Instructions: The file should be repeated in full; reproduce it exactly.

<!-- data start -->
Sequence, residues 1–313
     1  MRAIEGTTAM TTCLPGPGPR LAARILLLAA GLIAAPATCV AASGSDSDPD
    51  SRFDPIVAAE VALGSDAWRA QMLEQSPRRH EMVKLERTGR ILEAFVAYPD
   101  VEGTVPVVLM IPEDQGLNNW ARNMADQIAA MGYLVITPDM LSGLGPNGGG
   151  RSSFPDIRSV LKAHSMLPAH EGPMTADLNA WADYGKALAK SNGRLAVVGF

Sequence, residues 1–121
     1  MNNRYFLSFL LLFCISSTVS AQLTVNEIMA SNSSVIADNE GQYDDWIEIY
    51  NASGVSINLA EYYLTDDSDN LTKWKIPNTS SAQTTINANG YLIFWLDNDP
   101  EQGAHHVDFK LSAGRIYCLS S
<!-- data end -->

Sequence, residues 1–313
     1  MRAIEGTTAM TTCLPGPGPR LAARILLLAA GLIAAPATCV AASGSDSDPD
    51  SRFDPIVAAE VALGSDAWRA QMLEQSPRRH EMVKLERTGR ILEAFVAYPD
   101  VEGTVPVVLM IPEDQGLNNW ARNMADQIAA MGYLVITPDM LSGLGPNGGG
   151  RSSFPDIRSV LKAHSMLPAH EGPMTADLNA WADYGKALAK SNGRLAVVGF

Sequence, residues 1–121
     1  MNNRYFLSFL LLFCISSTVS AQLTVNEIMA SNSSVIADNE GQYDDWIEIY
    51  NASGVSINLA EYYLTDDSDN LTKWKIPNTS SAQTTINANG YLIFWLDNDP
   101  EQGAHHVDFK LSAGRIYCLS S